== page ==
Posted on June 7, 2018
Which struck me as surprising, since I thought that the word Eskimo was offensive, and that the preferable word for many native people in the northern reaches of Canada and Greenland was Inuit. And I read that Knud Rasmussen is part Inuit, so I would think that he himself wouldn't favor an offensive word.
It turns out that, like many other names for groups of people, there is no one term that is universally approved, and not all people from Arctic regions dislike the word Eskimo. I read that, indeed, many native Alaskans prefer Eskimo to Inuit, since the word Inuit isn't a part of their Yupik languages. (Inuit means "people" in some Greenlandic languages.)
That said, unless you are a native of an Arctic region, you should still avoid the word Eskimo. It really is offensive to many!
Anyway: Knud Rasmussen was a Greenlandic / Danish / Inuit man, born in Greenland on this date in 1879. Greenland was then and still is a part of the Kingdom of Denmark.
Even though he was born and raised in Greenland, which is geographically part of North America, Rasmussen is considered a European because of his mostly-Danish parents. But he was a European who grew up playing with native Greenlanders and working with hunters who drove dog sleds and carried home their meat on sledges.
As an older teen and very young adult, Rasmussen tried to become an opera singer and an actor. Opportunities did not open up for him in the entertainment field, and when he was asked to use his dog sledding experience and his knowledge of the Kalaallisut language to help on a Danish Literary Expedition of Greenland, he jumped at the chance. After the expedition, he wrote a book and went on the lecture circuit, telling people about Inuit folklore and culture.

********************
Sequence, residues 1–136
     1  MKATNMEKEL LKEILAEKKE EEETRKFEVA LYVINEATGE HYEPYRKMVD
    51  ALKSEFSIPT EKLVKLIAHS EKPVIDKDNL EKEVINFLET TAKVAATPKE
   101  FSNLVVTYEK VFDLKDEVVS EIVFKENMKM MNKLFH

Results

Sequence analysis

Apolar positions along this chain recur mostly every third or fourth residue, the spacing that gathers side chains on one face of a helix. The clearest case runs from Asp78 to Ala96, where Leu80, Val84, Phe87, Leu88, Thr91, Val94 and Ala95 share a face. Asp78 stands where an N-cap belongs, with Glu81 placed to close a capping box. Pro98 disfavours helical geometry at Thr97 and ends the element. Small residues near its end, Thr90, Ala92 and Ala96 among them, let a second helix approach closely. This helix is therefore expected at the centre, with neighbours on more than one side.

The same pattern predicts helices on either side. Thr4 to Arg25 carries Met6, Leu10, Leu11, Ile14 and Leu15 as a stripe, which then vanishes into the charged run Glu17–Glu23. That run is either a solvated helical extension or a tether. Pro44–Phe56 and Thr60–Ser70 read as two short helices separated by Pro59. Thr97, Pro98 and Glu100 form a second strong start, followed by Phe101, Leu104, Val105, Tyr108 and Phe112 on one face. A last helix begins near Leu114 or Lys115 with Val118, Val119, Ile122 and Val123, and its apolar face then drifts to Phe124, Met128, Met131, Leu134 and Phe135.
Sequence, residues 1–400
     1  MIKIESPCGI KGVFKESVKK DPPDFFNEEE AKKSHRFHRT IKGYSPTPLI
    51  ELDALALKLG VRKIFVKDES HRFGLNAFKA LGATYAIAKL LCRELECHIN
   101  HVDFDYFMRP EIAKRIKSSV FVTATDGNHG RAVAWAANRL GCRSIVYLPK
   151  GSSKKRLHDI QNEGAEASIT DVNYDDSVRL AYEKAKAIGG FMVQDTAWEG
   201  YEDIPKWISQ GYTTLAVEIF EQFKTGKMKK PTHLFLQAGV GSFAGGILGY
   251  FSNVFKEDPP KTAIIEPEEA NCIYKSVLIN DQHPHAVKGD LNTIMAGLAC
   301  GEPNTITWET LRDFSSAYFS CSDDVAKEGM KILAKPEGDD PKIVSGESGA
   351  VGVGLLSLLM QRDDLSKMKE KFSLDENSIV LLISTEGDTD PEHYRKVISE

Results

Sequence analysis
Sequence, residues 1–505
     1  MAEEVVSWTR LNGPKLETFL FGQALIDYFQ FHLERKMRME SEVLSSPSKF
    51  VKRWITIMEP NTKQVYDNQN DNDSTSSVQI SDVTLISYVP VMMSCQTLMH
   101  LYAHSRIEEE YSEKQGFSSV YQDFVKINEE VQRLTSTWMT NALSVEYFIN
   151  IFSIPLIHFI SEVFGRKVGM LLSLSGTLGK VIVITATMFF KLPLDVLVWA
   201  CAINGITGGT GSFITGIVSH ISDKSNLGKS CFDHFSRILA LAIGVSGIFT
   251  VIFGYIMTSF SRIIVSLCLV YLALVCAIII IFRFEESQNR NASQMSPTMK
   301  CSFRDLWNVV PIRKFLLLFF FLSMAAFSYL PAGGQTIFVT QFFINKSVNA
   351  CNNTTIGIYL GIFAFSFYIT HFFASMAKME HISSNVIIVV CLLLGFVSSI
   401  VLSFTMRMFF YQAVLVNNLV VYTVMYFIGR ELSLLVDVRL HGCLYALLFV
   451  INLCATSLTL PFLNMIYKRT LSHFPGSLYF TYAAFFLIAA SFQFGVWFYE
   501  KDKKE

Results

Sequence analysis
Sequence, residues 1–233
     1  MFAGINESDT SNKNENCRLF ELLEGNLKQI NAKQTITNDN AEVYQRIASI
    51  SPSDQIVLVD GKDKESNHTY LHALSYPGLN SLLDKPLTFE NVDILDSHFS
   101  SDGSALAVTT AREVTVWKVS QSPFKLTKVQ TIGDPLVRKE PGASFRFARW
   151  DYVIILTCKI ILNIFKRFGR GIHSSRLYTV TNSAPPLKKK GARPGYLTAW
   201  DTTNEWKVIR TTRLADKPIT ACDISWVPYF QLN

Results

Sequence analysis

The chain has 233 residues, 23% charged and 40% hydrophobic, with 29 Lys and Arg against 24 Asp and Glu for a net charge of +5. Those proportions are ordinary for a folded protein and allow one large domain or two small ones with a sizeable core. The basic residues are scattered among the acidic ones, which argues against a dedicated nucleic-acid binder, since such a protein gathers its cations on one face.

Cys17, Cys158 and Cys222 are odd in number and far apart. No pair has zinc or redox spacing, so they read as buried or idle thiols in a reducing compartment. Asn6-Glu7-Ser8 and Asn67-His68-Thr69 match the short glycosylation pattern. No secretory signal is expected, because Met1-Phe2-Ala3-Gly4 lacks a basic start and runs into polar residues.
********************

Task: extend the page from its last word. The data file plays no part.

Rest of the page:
Other expeditions and books and lectures followed, and Rasmussen became an expert in Native Arctic peoples and geography. He also became the first European person to cross the Northwest Passage on a dog sled.
The Northwest Passage is route from Europe and the Atlantic Ocean to Asia and the Pacific Ocean - through the Arctic Ocean. It used to be really tough to do with a boat or ship because of all the sea ice, so explorers like Roald Amundsen had to time the passage carefully. Of course, Rasmussen had to be careful in the other direction - he had to make sure that there was plenty of firm ice!
Here are a few photos of gorgeous sights available in Greenland:
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